That's not really what I call lower power consumption. Or does Intel only mean the mobile ones?
    Kinda weird. :confused:
  11. Covert_Death

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    its the ONLY point to doing clock to clock though ( to see arch differences). but if your trying to determine the better CPU you must do STOCK vs STOCK or MAX OC vs MAX OC
  12. jihadjoe

    jihadjoe

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    Power regulation is included in Haswell, so it adds a bit to the TDP. But that's a component that isn't on the motherboard anymore, so total platform power consumption should still be less than Ivy.
  13. Darkleoco

    Darkleoco

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    Guess the 2600K will stay where it is for quite some time, might be time to get a top of the line motherboard though.

    Power Consumption be damned when I don't get to use my desktop half the year.
  14. Aquinus

    Aquinus Resident Wat-man

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    Power consumption be damned anyways. I didn't get a SB-E chip to sip power. I bought it to shovel power down like a little kid with a bucket of candy... all year round... 24/7. :p

    All things considered though, if Haswell lowers power consumption even further I might be in the market for a new laptop after Haswell mobile CPUs start becoming mainstream.
    NHKS and ensabrenoir say thanks.
  15. erocker

    erocker Super Moderator Staff Member

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    Pretty sure this is fake. :ohwell:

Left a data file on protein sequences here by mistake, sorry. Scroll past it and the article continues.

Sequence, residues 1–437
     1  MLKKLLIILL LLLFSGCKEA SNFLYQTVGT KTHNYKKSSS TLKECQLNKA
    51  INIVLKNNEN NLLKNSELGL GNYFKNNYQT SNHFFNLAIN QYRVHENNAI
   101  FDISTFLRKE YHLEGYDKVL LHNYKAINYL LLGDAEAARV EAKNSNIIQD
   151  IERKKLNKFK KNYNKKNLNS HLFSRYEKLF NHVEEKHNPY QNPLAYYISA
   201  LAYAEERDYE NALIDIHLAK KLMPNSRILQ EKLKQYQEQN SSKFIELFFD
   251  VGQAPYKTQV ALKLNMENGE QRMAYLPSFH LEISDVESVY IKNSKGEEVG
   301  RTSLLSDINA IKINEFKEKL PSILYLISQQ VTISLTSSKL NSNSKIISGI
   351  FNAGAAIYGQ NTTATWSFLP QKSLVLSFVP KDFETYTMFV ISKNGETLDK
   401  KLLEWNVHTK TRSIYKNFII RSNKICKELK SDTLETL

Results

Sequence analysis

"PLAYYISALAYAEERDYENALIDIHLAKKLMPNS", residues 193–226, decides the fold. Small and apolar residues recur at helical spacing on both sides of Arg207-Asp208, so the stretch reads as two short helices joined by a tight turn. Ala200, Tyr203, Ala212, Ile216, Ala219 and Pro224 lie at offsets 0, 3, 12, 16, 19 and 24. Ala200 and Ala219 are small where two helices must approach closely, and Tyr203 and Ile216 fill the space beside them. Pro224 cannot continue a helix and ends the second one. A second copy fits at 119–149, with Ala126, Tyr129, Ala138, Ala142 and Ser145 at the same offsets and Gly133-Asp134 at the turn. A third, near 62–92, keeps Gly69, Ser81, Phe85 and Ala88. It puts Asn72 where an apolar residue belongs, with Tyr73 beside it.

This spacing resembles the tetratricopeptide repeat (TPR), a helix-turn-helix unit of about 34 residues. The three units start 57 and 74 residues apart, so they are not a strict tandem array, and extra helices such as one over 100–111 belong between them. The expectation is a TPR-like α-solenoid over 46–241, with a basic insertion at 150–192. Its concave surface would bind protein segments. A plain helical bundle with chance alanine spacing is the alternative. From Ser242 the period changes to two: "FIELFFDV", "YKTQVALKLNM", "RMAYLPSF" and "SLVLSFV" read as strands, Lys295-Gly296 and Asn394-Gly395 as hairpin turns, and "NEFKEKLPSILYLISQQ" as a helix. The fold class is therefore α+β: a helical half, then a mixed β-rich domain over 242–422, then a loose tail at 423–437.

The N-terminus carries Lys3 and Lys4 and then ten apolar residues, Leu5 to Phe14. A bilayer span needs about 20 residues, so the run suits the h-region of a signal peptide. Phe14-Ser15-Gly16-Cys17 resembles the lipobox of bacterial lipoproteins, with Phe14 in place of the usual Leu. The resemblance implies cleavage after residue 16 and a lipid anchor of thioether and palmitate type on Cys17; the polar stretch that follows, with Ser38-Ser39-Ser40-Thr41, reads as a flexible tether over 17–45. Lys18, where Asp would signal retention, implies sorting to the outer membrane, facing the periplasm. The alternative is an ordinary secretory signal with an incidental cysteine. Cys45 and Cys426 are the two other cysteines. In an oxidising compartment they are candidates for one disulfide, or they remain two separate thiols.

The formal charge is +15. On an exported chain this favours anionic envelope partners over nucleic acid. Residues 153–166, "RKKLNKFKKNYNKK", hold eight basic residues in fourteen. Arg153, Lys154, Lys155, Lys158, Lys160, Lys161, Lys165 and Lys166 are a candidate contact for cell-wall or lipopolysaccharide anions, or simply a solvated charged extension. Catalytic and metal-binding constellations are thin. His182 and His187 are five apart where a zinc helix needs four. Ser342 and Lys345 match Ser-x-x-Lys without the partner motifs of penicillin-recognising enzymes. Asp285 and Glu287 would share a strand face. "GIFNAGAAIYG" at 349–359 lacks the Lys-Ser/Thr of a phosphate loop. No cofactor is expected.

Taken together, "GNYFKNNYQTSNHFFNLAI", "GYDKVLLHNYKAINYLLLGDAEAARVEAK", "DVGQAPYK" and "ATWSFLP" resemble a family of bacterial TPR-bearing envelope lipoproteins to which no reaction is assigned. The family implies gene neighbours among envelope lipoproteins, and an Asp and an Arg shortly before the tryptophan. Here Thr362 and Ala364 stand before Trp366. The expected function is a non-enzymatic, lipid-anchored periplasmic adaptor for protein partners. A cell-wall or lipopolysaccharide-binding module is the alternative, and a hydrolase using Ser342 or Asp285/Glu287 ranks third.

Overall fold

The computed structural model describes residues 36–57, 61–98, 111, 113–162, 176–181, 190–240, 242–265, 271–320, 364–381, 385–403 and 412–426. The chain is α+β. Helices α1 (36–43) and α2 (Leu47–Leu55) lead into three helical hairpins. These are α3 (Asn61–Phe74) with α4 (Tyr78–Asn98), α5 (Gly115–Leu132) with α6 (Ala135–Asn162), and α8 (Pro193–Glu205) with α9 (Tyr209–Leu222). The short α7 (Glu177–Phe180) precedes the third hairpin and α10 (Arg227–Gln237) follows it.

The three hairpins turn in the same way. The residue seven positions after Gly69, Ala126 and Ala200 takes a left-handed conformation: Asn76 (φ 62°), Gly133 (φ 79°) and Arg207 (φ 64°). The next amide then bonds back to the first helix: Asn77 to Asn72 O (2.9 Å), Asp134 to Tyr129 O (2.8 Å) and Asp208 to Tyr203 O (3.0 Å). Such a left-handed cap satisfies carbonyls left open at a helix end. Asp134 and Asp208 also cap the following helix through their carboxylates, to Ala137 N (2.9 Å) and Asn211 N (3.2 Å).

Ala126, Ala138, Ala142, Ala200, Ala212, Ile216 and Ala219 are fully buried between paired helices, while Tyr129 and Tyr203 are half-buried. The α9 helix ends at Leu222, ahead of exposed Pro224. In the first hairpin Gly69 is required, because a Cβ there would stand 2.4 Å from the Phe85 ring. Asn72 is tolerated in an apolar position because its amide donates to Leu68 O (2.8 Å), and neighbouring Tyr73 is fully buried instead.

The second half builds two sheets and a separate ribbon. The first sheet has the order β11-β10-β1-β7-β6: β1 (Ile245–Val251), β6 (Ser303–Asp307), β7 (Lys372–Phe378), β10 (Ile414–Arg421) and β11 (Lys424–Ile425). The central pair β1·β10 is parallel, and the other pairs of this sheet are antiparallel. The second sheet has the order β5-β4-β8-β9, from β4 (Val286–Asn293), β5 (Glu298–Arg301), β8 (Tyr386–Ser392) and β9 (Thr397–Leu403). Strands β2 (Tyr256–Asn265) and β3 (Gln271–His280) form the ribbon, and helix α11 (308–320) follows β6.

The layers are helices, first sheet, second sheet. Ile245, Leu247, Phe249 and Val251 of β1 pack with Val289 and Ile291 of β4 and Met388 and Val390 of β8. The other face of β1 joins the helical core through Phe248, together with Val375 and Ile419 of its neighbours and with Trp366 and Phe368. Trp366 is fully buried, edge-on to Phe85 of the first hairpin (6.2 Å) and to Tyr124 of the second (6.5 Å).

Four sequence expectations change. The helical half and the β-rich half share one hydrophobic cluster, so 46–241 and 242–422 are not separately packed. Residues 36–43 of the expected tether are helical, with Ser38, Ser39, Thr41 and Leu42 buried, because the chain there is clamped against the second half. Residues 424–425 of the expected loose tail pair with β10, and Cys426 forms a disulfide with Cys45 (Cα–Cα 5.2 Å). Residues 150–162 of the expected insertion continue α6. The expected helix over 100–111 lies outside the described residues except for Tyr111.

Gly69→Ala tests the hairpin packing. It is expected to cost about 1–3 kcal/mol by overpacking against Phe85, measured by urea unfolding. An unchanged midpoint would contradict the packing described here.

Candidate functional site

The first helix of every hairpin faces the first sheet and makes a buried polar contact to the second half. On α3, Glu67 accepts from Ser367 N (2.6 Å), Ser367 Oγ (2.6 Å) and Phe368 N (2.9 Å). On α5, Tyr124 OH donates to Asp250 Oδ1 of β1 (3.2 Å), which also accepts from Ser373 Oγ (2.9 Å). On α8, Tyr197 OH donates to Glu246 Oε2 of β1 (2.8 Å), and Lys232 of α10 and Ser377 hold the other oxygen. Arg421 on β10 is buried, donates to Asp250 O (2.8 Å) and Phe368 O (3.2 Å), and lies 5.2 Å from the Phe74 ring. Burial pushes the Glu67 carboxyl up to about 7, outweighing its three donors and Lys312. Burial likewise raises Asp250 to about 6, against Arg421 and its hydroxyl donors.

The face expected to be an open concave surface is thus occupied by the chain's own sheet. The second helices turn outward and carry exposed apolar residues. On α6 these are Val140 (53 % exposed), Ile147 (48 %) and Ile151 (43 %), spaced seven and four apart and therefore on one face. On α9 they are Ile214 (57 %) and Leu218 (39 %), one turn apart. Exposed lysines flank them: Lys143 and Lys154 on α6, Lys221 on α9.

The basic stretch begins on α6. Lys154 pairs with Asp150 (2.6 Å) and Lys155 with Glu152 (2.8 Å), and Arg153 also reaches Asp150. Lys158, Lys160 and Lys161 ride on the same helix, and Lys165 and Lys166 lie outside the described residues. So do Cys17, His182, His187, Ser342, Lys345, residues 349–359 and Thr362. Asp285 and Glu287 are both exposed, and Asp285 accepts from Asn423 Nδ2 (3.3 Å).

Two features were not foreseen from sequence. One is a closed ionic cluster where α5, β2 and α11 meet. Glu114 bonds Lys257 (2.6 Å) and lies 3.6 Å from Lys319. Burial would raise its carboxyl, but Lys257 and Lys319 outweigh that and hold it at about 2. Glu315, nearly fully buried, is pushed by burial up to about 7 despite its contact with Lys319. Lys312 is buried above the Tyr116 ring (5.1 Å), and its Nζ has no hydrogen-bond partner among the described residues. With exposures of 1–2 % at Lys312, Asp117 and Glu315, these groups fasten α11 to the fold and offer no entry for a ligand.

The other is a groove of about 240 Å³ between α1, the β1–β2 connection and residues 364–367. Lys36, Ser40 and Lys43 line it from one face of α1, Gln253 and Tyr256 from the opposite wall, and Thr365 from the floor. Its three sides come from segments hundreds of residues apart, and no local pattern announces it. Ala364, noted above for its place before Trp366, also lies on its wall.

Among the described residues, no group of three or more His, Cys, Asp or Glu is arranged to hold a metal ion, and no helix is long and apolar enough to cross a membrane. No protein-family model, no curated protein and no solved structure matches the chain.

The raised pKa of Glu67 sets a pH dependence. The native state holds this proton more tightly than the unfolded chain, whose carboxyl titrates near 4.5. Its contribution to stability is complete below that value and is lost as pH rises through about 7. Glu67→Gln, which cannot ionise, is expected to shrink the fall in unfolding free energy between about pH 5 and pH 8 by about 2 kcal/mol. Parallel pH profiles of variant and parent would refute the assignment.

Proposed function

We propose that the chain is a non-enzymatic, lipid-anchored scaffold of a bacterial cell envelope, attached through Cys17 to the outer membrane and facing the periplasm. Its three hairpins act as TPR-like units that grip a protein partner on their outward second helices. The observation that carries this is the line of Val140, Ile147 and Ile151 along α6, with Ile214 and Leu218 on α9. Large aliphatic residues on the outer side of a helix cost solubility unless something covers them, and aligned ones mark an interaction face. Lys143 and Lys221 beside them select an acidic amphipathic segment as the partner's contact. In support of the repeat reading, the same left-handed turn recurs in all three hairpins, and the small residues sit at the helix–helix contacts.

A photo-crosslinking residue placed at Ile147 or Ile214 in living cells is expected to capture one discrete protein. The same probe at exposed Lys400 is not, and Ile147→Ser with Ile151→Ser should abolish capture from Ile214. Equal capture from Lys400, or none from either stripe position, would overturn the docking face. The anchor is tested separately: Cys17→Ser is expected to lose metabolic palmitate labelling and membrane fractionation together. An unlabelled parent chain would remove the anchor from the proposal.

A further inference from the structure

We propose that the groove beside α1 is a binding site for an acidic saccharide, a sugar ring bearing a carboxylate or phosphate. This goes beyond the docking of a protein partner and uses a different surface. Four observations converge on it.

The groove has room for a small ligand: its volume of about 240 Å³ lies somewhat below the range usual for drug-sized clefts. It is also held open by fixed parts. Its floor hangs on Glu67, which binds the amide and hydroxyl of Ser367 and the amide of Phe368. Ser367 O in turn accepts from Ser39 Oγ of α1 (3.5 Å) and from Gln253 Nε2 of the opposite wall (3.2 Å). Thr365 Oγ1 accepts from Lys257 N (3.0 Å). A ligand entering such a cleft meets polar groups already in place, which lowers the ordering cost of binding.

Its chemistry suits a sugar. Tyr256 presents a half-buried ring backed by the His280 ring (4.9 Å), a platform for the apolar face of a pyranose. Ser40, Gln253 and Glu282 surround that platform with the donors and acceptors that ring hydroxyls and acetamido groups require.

16. Jstn7477

    Jstn7477

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    I'd love to pick up a Haswell soon. Power consumption really matters for distributed computing since the machine is under full load 24/7, and I'm glad that they keep advancing the CPUs in that way even if performance increases are minimal. It's why I've stopped buying AMD processors, because their power consumption is rather high and the performance is lower in many cases. Sure, the upfront price is "cheap," but you end up paying for it with your electric bill and cooling costs especially if you live in a hot region.
    Crunching for Team TPU
  17. Darkleoco

    Darkleoco

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    :roll:
  18. happita

    happita

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    I won't mind if performance isn't increased too much because if I can compare my current SB setup to a future Haswell setup, I'm sure the performance bump will be there regardless just because of the fact that it is on a smaller manufacturing process coupled with the fact that it will draw less power (higher OC potential). However, I do wish that they release different iterations of Haswell without the graphics part of it on the die.
    A 4770S will be perfect for a modern HTPC that I plan on building for my HDTV in the near future.
  19. sergionography

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    from my understanding of the haswell presentations alot of the focus was on the new voltage regulation and how haswell can scale much better to different tdps, ivy bridge wasnt designed with 22nm in mind it was just a die shrink, with haswell intel can use all the bells and whistles of the process node


    its more than just power consumption, its scaling. ivy bridge brought much better performance/watt over sandy bridge due to the shrink but couldnt scale any higher than sandy did because its the same architecture